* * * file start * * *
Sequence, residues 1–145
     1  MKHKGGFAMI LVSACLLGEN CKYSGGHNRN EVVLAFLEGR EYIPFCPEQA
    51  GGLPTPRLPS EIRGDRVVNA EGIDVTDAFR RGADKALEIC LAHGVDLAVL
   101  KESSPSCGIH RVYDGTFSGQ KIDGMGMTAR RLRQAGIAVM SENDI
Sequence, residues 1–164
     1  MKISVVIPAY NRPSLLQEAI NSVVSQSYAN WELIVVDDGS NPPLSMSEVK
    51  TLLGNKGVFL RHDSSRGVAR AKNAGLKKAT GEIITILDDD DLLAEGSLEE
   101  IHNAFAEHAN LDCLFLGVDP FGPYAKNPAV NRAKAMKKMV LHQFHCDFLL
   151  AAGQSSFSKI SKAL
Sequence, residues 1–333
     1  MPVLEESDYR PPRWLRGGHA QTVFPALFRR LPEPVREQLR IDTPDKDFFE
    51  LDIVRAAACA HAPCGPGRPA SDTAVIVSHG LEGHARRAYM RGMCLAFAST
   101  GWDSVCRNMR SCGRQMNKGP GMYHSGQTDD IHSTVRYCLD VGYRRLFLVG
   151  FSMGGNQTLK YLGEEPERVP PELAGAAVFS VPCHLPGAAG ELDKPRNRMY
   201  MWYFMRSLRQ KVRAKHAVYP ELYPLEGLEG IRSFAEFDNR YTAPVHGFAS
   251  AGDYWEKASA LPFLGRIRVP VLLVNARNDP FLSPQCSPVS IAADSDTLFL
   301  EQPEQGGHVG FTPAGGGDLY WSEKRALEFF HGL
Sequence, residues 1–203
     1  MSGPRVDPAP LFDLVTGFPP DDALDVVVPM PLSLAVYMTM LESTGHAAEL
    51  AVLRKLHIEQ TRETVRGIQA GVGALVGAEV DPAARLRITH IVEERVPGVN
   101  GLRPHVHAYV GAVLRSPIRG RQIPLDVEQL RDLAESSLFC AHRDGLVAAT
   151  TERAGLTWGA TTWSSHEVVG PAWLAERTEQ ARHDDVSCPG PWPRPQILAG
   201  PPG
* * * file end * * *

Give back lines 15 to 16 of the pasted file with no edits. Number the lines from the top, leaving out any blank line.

   201  MWYFMRSLRQ KVRAKHAVYP ELYPLEGLEG IRSFAEFDNR YTAPVHGFAS
   251  AGDYWEKASA LPFLGRIRVP VLLVNARNDP FLSPQCSPVS IAADSDTLFL